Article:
Fedora 33 Proposal To Allow Packages To Build With LLVM Clang Rather Than Requiring GCC

Written by Michael Larabel in Fedora on 4 June 2020 at 06:35 PM EDT. 31 Comments
A feature proposal raised by Red Hat's Jeff Law would allow Fedora packages to be built under the LLVM Clang compiler rather than defaulting that all packages to be built under GCC. Clang-built packages would happen where the upstream software recommends using Clang by default or for software without an upstream to let the packager(s) make their own decision.

One of the most prominent examples that would benefit from this compiler policy change would be letting their Mozilla Firefox package be built with Clang rather than GCC. Upstream Firefox is built by Clang and that is what Mozilla recommends as their compiler of choice, but Fedora has been building with GCC. Using GCC to build Firefox can at times lead to build problems given Mozilla's Clang focus and reportedly also in some instances less than ideal performance. There are also other examples like for many Google open-source projects that are tailored towards being compiled under Clang.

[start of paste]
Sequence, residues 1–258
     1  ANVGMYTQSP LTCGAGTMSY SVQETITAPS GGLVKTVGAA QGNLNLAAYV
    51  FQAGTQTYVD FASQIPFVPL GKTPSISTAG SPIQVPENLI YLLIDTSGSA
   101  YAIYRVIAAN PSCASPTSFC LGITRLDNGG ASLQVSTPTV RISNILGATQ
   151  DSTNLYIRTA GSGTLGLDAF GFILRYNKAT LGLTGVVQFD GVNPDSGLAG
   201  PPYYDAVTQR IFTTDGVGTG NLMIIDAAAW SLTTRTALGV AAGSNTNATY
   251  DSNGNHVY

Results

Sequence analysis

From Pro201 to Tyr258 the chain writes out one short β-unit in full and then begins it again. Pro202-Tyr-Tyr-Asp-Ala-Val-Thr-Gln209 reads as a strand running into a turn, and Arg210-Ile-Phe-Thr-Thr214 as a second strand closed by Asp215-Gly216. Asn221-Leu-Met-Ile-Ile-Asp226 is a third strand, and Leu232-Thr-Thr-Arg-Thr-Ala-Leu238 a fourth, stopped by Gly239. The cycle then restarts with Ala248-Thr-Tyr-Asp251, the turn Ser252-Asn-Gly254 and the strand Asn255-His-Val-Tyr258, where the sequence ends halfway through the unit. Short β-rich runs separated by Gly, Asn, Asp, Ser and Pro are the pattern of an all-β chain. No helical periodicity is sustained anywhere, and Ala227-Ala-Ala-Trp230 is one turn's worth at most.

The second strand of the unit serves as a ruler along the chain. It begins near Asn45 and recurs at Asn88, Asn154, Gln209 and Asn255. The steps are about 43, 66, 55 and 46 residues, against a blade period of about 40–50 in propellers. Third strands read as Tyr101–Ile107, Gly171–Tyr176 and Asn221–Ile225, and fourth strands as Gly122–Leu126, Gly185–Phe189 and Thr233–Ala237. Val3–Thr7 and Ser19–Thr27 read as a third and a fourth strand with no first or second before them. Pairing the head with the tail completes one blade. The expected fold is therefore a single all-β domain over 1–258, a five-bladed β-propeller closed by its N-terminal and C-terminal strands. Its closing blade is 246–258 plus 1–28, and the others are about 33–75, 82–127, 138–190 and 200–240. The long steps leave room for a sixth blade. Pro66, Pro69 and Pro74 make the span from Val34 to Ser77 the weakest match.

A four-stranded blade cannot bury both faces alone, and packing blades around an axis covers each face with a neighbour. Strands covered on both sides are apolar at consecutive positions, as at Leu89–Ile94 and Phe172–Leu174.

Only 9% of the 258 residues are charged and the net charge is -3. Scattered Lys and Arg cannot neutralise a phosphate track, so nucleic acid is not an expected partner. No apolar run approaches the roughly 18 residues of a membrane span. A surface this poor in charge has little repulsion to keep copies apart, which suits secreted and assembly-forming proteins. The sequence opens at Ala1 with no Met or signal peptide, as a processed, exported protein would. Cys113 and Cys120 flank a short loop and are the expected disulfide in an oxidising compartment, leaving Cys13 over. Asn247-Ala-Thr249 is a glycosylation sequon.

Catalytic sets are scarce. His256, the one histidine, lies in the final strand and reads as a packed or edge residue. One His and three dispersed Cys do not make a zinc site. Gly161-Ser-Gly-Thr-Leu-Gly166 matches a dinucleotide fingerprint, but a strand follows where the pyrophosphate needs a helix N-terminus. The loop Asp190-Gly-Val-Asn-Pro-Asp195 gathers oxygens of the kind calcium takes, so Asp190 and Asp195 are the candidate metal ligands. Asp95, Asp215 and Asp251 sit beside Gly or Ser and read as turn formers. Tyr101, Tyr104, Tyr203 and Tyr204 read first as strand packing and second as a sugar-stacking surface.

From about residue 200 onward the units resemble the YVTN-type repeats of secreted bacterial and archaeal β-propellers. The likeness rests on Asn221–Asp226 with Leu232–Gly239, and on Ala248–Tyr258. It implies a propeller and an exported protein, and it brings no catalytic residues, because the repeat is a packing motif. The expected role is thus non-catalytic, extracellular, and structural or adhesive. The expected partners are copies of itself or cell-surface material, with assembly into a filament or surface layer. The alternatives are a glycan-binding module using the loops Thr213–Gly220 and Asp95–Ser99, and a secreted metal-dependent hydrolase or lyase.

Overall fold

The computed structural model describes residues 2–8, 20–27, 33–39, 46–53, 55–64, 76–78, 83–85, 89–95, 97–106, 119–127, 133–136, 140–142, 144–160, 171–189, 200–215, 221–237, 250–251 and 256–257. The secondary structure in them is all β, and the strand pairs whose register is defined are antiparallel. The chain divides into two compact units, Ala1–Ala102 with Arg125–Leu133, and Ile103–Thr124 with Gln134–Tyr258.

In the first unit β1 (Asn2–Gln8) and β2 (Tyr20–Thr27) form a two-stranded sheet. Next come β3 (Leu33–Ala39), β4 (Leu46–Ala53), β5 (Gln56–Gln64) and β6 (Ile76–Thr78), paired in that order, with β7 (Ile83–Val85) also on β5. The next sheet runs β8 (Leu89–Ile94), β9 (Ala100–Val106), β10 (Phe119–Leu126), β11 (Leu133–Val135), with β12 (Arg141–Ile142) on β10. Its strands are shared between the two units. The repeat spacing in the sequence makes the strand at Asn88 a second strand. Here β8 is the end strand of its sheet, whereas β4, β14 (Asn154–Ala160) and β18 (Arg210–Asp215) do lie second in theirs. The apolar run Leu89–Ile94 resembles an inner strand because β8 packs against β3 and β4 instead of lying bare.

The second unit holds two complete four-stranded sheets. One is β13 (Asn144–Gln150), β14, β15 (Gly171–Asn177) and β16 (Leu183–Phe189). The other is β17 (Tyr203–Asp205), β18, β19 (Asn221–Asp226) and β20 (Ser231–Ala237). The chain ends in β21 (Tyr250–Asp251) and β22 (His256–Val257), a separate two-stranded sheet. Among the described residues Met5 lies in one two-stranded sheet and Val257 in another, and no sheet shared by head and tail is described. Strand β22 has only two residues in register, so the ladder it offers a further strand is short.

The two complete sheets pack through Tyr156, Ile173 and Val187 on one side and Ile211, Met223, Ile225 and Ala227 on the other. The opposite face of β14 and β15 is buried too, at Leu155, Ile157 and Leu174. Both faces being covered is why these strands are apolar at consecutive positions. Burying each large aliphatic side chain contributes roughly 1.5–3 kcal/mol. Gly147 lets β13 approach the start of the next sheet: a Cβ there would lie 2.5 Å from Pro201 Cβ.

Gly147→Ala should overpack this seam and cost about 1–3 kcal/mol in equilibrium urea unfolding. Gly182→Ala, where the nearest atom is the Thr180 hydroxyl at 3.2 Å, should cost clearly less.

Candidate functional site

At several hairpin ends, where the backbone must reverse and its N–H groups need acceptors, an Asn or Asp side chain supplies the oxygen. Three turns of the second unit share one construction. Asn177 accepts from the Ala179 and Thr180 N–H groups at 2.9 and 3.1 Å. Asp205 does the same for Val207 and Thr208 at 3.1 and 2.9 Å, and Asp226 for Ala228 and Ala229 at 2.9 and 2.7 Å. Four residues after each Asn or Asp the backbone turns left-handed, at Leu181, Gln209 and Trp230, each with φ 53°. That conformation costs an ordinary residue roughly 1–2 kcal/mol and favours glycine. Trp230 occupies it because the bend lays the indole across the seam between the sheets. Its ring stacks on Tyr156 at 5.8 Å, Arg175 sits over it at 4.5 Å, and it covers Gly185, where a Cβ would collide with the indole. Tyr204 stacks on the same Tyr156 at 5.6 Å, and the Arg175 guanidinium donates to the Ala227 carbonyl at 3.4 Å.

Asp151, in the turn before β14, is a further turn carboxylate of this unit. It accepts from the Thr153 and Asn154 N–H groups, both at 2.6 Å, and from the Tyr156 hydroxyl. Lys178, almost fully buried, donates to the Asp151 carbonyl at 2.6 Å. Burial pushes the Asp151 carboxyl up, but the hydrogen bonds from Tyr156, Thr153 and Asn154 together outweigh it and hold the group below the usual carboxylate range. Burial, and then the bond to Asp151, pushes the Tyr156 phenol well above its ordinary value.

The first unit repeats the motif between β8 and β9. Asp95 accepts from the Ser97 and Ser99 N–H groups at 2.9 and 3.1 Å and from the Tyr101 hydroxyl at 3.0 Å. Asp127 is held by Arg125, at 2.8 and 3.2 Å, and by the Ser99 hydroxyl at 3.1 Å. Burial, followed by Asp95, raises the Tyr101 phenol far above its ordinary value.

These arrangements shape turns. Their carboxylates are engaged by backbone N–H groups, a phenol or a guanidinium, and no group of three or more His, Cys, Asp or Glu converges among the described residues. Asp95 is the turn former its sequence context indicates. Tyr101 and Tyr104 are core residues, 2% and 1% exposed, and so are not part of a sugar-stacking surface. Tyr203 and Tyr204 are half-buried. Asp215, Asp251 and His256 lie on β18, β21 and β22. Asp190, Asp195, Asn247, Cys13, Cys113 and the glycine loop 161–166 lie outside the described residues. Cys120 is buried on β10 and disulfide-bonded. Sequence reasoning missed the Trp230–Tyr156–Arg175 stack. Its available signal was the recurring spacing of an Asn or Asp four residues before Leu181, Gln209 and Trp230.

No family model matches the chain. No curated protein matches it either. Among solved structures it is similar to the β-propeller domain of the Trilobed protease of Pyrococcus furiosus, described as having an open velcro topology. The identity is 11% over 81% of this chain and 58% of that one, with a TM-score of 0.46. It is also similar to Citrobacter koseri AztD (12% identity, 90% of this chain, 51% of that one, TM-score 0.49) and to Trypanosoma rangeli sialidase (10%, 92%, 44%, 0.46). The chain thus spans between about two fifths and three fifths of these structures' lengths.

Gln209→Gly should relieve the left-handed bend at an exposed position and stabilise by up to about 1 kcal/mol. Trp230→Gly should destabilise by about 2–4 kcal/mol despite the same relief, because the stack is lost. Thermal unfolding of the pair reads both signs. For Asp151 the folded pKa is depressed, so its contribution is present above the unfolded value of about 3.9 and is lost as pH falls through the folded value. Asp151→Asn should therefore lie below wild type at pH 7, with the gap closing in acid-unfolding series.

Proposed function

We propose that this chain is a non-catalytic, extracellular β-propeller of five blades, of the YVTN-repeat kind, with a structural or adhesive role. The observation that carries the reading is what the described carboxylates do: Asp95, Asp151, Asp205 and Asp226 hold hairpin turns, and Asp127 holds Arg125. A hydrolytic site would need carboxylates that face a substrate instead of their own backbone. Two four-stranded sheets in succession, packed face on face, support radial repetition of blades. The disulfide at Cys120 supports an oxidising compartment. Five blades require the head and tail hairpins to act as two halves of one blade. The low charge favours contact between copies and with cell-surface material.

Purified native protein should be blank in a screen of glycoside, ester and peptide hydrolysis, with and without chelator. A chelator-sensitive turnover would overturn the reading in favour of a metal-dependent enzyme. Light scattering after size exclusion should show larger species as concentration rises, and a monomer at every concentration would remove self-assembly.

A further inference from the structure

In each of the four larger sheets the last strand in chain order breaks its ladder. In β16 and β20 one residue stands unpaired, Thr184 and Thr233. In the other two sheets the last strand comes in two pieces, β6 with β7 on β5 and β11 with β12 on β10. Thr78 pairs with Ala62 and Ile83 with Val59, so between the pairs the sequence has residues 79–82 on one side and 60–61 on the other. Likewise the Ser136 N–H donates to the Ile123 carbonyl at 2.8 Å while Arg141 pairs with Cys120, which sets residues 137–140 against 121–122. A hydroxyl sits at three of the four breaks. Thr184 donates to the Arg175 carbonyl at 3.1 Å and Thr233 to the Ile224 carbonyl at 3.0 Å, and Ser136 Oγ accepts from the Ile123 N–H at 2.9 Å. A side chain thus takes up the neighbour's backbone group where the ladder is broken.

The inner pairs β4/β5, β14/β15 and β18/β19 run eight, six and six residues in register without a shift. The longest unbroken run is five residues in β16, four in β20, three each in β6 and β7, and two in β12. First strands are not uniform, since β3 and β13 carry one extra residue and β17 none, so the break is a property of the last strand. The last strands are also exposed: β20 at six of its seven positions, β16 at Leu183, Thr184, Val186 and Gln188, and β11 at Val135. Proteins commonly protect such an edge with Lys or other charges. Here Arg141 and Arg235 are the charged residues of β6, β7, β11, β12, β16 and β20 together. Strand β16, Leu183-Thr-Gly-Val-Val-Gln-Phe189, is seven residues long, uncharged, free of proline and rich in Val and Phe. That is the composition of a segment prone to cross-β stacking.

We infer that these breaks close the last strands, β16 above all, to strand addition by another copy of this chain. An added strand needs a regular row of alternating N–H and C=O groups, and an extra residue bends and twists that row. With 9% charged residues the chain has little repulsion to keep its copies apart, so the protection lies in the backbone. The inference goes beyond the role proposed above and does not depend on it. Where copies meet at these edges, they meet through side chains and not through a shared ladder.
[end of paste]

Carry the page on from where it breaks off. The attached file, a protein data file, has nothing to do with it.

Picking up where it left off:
So with this compiler policy change, Clang could be used for building the Fedora RPMs where the upstream software vendor/developer(s) recommend so or for software without any other upstream to let the packager decide. For software packages without a strong compiler preference, for the time being at least GCC would be the default choice. Currently the Fedora policy only allows Clang to build packages in cases where only Clang is supported to build the software being packaged.

At least initially the expectation is this policy change will only impact a few albeit important packages like Firefox and Chromium but will be interesting to see how it evolves over time. Of course, the Fedora Engineering and Steering Committee (FESCo) still needs to sign off on this change.
Related News
About The Author
Michael Larabel

Michael Larabel is the principal author of Phoronix.com and founded the site in 2004 with a focus on enriching the Linux hardware experience. Michael has written more than 20,000 articles covering the state of Linux hardware support, Linux performance, graphics drivers, and other topics. Michael is also the lead developer of the Phoronix Test Suite, Phoromatic, and OpenBenchmarking.org automated benchmarking software. He can be followed via Twitter, LinkedIn, or contacted via MichaelLarabel.com.

Popular News This Week